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This stock made 120pc the first time we tipped it – should we tempt fate and tip it again?

Boris Johnson pulls Christmas crackers with staff members during a visit to IG Design Group - Ben Stansall/AP
Boris Johnson pulls Christmas crackers with staff members during a visit to IG Design Group - Ben Stansall/AP

There are three reasons risk-averse investors can look away now, or at least skip to the bottom of this column. First, we are looking at a small, even “micro-cap” stock. Second, it is a turnaround play and the danger with such investments is that they may fail to turn around. Finally, it is a return visit to a share previously traded with some success (we said buy in 2017 and sell the following year at a 120pc profit), which may just be tempting providence.

So, for those brave enough to keep reading, this takes us to IG Design, where last week’s first-half results offer a glimmer of hope that 2023 may prove to be a lot more profitable than 2022.

Debt is lower than feared, cost cuts are helping to support operating margins and management now expects a small pre-tax profit rather than a loss for the full year to March 2023. All of those trends should also help management, led by the newly appointed chief executive Paul Bal, as they seek to refinance the company’s debt in the next six months.

Admittedly, net debt still rose to $74m (£60m), from $59m in March, at the end of the last financial year (and it stood at double that once lease liabilities were included). IG Design also passed on its interim dividend, just as it did on last year’s final payment. This is still the uncomfortable legacy of two acquisitions.

The first was 2018’s purchase of the American business Impact Innovations for an all-in cost of just under £100m. The second was 2020’s swoop for CSS Industries, another American concern, for £90m including debt.

Both deals broadened IG Design’s geographic reach, customer base and product range but they brought debt, an increased reliance on seasonal business at Thanksgiving and Christmas and exposure to retail giants such as Wal-Mart. While such sales relationships can be very helpful, given the route to market that they offer, they can bring challenges too.

IG Design outsources the majority of its production and at a time of inflation and rising freight and input costs that leaves the company as the meat in the sandwich between its suppliers on one side and price and margin-conscious retail buyers on the other.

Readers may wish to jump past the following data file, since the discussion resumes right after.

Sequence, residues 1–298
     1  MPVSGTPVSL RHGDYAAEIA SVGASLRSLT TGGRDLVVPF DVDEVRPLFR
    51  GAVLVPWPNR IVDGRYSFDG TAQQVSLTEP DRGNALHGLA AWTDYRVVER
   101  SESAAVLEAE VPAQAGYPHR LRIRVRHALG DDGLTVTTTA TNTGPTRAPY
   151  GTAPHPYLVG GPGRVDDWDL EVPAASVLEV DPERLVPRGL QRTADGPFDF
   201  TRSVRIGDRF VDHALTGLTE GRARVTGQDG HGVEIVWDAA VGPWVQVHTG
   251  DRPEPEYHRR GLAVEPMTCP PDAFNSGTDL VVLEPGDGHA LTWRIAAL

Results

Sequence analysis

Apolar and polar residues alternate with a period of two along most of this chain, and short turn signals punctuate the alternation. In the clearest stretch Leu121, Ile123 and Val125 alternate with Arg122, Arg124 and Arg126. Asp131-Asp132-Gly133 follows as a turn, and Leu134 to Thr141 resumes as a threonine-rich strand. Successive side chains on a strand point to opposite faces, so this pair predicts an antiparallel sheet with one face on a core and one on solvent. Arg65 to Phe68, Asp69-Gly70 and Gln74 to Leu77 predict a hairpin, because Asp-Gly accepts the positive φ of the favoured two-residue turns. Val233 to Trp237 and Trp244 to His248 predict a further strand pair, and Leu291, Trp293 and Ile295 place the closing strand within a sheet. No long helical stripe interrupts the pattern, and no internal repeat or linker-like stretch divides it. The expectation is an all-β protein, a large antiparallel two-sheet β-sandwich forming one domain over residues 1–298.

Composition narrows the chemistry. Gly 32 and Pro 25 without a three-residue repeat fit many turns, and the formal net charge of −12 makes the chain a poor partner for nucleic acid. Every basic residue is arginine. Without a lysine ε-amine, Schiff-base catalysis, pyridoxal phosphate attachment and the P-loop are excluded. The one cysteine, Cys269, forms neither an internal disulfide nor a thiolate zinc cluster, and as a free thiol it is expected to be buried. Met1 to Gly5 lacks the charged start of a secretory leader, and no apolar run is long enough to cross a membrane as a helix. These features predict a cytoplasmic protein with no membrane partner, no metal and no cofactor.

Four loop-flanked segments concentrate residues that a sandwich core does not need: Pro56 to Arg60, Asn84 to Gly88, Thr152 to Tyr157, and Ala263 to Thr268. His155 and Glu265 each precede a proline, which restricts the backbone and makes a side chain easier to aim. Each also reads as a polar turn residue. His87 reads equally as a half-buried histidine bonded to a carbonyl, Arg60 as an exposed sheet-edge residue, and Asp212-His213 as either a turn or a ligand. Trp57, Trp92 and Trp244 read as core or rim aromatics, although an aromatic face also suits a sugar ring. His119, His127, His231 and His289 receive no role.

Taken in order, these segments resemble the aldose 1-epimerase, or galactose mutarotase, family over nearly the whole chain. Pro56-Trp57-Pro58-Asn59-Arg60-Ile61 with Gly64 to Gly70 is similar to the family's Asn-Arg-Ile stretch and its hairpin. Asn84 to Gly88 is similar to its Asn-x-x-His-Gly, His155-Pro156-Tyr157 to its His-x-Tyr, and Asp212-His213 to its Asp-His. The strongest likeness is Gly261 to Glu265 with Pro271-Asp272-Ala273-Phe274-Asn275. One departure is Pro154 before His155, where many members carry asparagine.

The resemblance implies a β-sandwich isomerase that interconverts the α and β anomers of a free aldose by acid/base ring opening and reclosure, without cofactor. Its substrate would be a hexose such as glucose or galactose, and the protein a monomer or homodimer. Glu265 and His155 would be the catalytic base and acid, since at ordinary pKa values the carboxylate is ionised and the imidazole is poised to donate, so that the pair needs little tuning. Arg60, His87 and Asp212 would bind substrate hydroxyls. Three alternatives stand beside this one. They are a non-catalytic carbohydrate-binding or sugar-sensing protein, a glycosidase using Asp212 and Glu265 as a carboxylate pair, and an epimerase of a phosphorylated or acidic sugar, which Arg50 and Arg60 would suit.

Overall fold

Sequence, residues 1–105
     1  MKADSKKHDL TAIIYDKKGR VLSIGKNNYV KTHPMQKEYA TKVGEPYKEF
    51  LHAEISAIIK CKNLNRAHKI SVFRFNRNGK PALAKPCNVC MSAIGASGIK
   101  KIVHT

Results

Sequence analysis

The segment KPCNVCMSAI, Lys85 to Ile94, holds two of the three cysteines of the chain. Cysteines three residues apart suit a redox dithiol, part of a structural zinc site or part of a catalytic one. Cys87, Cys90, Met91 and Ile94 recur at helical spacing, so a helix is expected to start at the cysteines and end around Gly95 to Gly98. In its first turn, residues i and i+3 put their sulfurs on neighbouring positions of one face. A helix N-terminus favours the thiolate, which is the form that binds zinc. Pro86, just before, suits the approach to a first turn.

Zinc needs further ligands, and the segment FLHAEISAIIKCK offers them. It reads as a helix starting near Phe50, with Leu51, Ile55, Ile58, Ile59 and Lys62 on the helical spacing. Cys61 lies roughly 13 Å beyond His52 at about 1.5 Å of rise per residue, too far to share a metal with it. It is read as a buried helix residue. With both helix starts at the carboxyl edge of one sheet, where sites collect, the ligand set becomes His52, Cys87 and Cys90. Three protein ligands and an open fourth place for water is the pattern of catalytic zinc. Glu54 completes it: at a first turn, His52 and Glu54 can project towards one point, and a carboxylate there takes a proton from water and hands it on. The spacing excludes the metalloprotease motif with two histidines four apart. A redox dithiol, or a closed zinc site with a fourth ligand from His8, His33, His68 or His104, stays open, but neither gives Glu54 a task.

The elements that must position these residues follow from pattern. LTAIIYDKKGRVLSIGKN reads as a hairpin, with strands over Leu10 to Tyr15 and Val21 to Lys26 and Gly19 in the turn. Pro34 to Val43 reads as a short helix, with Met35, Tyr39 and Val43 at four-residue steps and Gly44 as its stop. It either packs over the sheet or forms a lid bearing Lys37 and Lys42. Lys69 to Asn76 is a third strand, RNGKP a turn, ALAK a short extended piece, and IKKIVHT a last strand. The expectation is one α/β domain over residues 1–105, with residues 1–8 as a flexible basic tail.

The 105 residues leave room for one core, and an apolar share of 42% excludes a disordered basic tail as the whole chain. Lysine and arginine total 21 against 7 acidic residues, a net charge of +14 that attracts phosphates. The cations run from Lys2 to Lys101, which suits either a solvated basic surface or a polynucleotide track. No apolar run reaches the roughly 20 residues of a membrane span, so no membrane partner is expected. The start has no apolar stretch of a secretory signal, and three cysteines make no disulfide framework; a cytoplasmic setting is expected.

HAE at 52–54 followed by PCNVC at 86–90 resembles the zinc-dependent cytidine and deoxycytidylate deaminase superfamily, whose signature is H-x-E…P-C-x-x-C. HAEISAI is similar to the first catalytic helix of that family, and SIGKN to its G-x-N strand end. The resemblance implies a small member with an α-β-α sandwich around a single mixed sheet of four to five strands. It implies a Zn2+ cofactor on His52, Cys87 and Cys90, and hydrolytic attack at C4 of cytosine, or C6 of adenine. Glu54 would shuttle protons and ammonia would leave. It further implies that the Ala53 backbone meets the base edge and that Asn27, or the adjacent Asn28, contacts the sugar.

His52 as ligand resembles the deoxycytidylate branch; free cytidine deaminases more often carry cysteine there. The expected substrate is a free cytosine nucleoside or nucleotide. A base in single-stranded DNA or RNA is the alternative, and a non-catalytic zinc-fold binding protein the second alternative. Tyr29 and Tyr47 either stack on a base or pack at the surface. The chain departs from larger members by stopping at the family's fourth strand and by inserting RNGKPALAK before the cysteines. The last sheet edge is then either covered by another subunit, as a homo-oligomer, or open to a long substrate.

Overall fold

These challenges lay at the heart of IG Design’s profit warnings of October 2021 and January 2022. The slump in profits also made it harder to service its debt and stay within banking covenants, although careful management of working capital and costs has enabled the Aim-quoted concern to do so.

A refinancing in the next six months would give management additional room within which to work as the board and new boss seek to bring about a turnaround in the company’s fortunes. There are already some positive signs, given that forecast of a small profit for the year to March 2023, and the shares could end up looking very cheap if the turnaround can be made to stick.

The £127m market value looks low relative to consensus forecasts for sales of £788m, even adjusting for the debt and leases, while the 130p share price would look awfully tempting if earnings per share got anywhere near their 2020 peak of 16.9p (we sold in 2018 at 584p) and the dividend ever got near to 8.75p again.

IG Design has its risks but there is opportunity too. Buy.

Questor says: speculative buy
Ticker: IGR
Share price at close: 130p

Update: Devro

This column has done relatively well to sniff out companies whose competitive position was so strong and whose valuation was sufficiently tempting that they were taken over. Notable examples include Sky, Gamesys, Clinigen and ContourGlobal, where the deal is expected to close very shortly.

However, we have gormlessly given up on others only for a predator to pounce; the food casings specialist Devro is the latest example to add to Manx Telecom and Morrisons.

Frustrated by a share price that simply did nothing, we eventually got bored and moved on for a small capital loss.

Dividend income offset that deficit, but the bid, from Germany, came in 87pc above our exit price.

Memo to self: be more patient.

Russ Mould is investment director at AJ Bell, the stockbroker

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